According to an April 1 “management agreement” document provided by Hamel, funding sources include MSCBA “held project savings,” the Danforth Trust Fund, and FSU itself. 

Of the funds, $2,287,846 came from “remnant funds held by the former Danforth Museum Inc. after receipt of funds for the purchase of the building and payoff of all liabilities,” Hamel wrote in an email. Furthermore, $200,000 came from gifts to the University.

In his speech, FSU President F. Javier Cevallos stressed the value Danforth facilities will bring to students, in addition to the Danforth’s larger commitment to making the arts accessible to the public. 

He said, “Now, Framingham State students have access to a free, first-rate fine arts museum just steps away from the campus, and the opportunities for enhanced learning and collaboration are truly, truly exciting.”

Petke expressed similar sentiments. “This is not just a reopening of the Danforth Art Museum. This is a whole new stage of growth – we are a new institution now, so not just a public art museum, but we are also, happily, a university art museum. Our mission and our community have grown, and we’re very excited to see where that takes us.”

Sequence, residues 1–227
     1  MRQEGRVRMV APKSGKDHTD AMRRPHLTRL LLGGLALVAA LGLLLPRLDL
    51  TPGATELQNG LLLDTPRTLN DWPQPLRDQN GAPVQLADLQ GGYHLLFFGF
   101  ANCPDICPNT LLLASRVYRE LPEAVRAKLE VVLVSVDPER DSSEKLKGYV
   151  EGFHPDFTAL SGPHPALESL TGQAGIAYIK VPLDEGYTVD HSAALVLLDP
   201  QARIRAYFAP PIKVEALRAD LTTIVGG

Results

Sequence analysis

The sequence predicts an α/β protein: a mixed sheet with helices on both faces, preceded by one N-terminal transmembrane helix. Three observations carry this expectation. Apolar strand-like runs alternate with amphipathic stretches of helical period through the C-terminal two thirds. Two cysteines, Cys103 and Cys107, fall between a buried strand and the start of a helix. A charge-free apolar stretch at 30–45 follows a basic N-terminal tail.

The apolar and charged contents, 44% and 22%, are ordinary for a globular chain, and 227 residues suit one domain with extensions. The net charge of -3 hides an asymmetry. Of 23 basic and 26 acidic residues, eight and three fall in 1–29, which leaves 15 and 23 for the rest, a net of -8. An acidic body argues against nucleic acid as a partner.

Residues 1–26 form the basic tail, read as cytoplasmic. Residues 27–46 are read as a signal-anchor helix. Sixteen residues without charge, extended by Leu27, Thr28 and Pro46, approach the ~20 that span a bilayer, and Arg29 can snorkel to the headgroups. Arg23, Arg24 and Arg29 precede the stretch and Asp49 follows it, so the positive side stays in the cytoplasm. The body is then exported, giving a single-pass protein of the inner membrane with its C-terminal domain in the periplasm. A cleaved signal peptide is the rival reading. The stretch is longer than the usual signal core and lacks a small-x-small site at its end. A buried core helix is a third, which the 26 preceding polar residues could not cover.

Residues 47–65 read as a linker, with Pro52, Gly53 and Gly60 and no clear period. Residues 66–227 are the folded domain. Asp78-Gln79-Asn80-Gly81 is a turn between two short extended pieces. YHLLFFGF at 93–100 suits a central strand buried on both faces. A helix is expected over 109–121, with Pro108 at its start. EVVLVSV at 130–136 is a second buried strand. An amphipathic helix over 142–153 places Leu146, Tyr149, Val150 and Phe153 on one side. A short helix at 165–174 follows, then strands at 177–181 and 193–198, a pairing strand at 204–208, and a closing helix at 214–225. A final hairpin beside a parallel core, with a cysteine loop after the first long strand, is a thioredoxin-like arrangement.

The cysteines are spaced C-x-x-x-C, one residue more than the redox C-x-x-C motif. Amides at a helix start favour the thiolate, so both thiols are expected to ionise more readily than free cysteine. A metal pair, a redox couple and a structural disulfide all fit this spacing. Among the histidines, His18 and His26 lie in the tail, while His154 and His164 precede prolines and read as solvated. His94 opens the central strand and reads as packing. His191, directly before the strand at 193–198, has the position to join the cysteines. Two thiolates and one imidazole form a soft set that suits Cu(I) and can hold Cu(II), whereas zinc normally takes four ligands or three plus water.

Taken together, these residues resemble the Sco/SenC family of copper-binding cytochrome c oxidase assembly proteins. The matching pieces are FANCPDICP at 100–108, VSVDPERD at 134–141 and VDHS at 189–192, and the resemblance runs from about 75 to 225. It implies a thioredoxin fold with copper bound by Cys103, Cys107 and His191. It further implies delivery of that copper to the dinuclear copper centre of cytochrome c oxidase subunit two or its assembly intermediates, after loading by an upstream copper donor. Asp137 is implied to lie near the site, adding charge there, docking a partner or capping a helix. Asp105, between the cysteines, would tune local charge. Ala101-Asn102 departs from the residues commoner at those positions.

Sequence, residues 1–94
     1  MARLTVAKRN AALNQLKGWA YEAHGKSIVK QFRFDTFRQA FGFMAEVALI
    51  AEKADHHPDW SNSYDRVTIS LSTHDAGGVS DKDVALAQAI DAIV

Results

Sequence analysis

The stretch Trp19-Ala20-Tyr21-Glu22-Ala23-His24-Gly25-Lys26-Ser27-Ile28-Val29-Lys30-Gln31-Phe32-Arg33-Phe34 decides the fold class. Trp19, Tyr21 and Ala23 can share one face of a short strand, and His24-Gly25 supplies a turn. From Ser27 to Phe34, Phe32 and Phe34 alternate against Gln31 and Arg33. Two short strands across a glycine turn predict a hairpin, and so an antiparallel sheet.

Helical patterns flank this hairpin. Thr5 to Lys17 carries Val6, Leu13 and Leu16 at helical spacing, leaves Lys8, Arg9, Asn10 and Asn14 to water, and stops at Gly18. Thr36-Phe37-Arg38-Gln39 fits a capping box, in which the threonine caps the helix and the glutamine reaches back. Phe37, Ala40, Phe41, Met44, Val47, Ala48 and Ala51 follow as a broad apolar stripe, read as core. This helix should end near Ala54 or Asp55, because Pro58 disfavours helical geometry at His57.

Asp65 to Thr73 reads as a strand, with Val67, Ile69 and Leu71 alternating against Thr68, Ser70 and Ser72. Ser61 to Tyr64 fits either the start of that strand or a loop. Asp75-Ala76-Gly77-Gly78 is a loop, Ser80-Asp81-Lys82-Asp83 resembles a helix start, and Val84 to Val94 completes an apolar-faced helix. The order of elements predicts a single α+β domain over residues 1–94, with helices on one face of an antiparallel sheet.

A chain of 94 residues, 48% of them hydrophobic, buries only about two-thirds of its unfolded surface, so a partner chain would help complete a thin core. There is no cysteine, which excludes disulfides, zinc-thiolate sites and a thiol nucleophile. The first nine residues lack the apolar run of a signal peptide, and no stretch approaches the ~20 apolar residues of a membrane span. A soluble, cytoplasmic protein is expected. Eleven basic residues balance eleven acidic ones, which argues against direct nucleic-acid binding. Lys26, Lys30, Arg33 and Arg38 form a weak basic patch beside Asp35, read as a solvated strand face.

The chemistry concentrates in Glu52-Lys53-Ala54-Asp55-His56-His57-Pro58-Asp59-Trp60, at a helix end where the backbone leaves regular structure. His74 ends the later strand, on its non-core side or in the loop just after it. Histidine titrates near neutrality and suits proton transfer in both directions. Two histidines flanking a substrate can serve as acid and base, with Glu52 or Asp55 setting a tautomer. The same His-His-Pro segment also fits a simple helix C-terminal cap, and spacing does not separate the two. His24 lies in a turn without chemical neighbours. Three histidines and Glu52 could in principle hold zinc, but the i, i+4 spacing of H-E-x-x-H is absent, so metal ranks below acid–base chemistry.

Junior Elizabeth Goodreau, an intern at the Danforth, said she was excited for further student involvement at the museum. 

She said, “As an art history major and museum studies minor, Danforth is a great way for me to learn about the inner workings of an art museum and broaden my knowledge of museum studies hands on. 

“As the museum continues to grow, I hope that it can provide more programming and services to art majors, because it allows for so many opportunities,” Goodreau added.

Erika Schneider, who leads the museum studies program at Framingham State, elaborated on student involvement in the museum’s collection after the talk. 

She said students can use the facilities to practice archiving artwork and historical pieces, using databases for archival work, presenting exhibit displays, and using research to create informational panels for works on display – among other responsibilities.